Select Page

OpenAI on Tuesday publicly responded to a lawsuit brought by co-founder Elon Musk, highlighting apparent hypocrisy on the part of the now-billionaire and early backer of the company.

In its response, OpenAI reproduced old emails from Musk in which the Tesla and SpaceX CEO encouraged the rising startup to raise at least $1 billion in funding, and agreed that it should “start being less open” over time and “not share” the company’s science with the public.

The reproduced messages follow a starkly different point of view Musk represented last week, when he sued OpenAI, CEO Sam Altman and President Greg Brockman, alleging breach of contract and unfair competition.

In the suit, Musk’s attorneys allege that the inner workings of OpenAI’s GPT-4 AI model are “a complete secret except to OpenAI—and, on information and belief, Microsoft,” and that the secrecy is driven by commercial purpose rather than safety. OpenAI said, “We intend to move to dismiss all of Elon’s claims.”

In November, Musk told an audience at the The New York Times’ DealBook conference that OpenAI had deviated from its original mission in his view.

“OpenAI should be renamed ‘super closed source for maximum profit AI,’ because this is what it actually is,” Musk said onstage at the event. He noted that it’s transformed from an “open source foundation” to multibillion-dollar “for-profit corporation with closed source.”

By contrast, Musk appeared to discourage OpenAI co-founders from taking a too-lean approach to fundraising, according to emails the company reproduced from December 2018. He wrote that OpenAI had a zero-percent chance of becoming a relevant competitor to Google’s DeepMind unless the startup made a “dramatic change in execution and resources.”

“My probability assessment of OpenAI being relevant to DeepMind/Google without a dramatic change in execution and resources is 0%. Not 1%. I wish it were otherwise,” Musk wrote in one email to fellow OpenAI co-founders Sutskever, Brockman and Altman. “Even raising several hundred million won’t be enough. This needs billions per year immediately or forget it.”

Musk is now the CEO of automaker Tesla, defense contractor SpaceX and the owner of X Corp., as well as the founder of brain computer interface startup Neuralink, and a would-be competitor to OpenAI that he named xAI.

Before he left OpenAI, the company said in its response to his lawsuit, “Elon wanted majority equity, initial board control, and to be CEO” of the AI venture. The startup also said in its blog post that Musk sought to become OpenAI’s CEO in 2017 as it was changing its structure.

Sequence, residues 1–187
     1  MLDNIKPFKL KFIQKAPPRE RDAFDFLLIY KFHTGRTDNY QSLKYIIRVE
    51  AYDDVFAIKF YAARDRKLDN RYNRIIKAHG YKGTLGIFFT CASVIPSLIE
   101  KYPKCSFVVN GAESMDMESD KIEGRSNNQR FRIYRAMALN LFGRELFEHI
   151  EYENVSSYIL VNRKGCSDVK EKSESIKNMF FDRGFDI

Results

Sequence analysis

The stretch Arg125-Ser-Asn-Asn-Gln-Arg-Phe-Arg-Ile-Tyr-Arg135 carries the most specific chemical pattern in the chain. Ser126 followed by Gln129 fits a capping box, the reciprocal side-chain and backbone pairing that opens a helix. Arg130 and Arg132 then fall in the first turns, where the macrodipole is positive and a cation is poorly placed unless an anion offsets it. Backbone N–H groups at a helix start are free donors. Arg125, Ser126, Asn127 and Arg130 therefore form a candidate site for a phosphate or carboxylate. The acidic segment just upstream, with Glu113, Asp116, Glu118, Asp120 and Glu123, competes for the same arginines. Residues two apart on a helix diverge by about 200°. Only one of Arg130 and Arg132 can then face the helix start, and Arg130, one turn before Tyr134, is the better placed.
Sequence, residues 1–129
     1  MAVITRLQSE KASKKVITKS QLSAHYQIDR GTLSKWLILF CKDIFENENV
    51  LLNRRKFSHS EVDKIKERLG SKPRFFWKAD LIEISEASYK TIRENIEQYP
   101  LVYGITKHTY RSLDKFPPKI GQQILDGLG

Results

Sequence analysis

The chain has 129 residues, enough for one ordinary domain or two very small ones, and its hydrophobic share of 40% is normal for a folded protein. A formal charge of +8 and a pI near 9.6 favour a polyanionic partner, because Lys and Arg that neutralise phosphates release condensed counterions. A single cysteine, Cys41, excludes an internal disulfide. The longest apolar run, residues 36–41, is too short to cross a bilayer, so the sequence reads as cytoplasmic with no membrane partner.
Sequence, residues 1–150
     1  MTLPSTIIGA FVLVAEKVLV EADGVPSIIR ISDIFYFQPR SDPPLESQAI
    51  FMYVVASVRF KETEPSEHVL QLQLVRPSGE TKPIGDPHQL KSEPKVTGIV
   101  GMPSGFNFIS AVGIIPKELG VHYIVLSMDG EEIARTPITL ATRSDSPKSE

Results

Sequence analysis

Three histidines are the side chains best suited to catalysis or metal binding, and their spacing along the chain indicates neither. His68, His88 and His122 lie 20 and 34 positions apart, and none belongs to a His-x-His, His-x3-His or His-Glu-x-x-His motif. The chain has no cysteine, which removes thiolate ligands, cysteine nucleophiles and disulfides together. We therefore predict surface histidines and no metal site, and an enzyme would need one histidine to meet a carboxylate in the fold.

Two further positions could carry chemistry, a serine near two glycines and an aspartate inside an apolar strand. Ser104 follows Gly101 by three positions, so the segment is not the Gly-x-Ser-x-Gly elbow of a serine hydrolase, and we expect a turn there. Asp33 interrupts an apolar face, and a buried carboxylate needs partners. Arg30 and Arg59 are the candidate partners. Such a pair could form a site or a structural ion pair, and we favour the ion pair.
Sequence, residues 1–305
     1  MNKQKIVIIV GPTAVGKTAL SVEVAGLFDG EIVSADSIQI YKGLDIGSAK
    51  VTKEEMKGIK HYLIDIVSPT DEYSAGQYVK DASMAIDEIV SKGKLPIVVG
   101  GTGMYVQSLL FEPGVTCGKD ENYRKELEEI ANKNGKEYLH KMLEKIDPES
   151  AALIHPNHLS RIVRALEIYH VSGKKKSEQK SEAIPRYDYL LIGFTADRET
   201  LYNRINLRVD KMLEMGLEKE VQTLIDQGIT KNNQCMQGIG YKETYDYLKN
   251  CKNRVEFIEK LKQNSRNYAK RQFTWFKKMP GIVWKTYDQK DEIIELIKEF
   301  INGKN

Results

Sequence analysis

Musk’s companies have, at times, attracted talent away from OpenAI. In the case of xAI, Musk positions the company’s first product, Grok, as competitive with OpenAI’s software ChatGPT.

In emails from January 2018 reproduced by OpenAI, Musk agrees with an unnamed sender who encouraged the startup’s co-founders to rely on Tesla as their “cash cow.” Going into the first quarter of 2018, Tesla reported a cash balance of $3.4 billion, after it reported a net loss of $2.24 billion for the full year in 2017 on revenue that year of $11.8 billion.

CNBC has not independently verified the authenticity of the emails included in OpenAI’s response on Tuesday, some of which contained partial redactions.

The “contract” at the heart of Musk’s recent lawsuit against OpenAI isn’t a formal written agreement signed by all parties involved in creating the company.

Instead, Musk via his attorneys argues that the early OpenAI team had forged agreements to develop artificial general intelligence, or AGI, “for the benefit of humanity” as a nonprofit. However, the project was transformed into a company with a complex corporate structure including a for-profit entity that Musk argues is largely controlled by Microsoft.

Musk used much of his legal complaint to remind the world of his central position in the creation of OpenAI, which has become one of the hottest startups on the planet, thanks largely to the viral spread of ChatGPT and image generator DALL-E.

OpenAI’s public response on Tuesday night mirrored executives’ memos sent to employees at the company last week.

Musk’s lawsuit and OpenAI’s response follow a rollercoaster few months for the company including board room drama, a reshuffling of the board and an investigation by financial regulators.

Attorneys for Elon Musk were not available to comment on Tuesday night after OpenAI published its response.

— CNBC’s Jordan Novet contributed reporting.

Share it on social networks